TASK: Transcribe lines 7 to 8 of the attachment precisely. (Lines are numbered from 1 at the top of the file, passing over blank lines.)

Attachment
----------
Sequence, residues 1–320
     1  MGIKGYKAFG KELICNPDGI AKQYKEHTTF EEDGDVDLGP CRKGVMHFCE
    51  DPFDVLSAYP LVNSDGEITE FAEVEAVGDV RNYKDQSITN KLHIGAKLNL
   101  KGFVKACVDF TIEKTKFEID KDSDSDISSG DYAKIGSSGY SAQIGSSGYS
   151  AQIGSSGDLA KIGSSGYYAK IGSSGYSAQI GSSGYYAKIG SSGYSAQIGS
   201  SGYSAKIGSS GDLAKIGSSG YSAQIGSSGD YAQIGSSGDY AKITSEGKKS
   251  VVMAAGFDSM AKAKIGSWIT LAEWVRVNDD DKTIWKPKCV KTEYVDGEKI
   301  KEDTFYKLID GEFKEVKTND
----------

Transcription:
   251  VVMAAGFDSM AKAKIGSWIT LAEWVRVNDD DKTIWKPKCV KTEYVDGEKI
   301  KEDTFYKLID GEFKEVKTND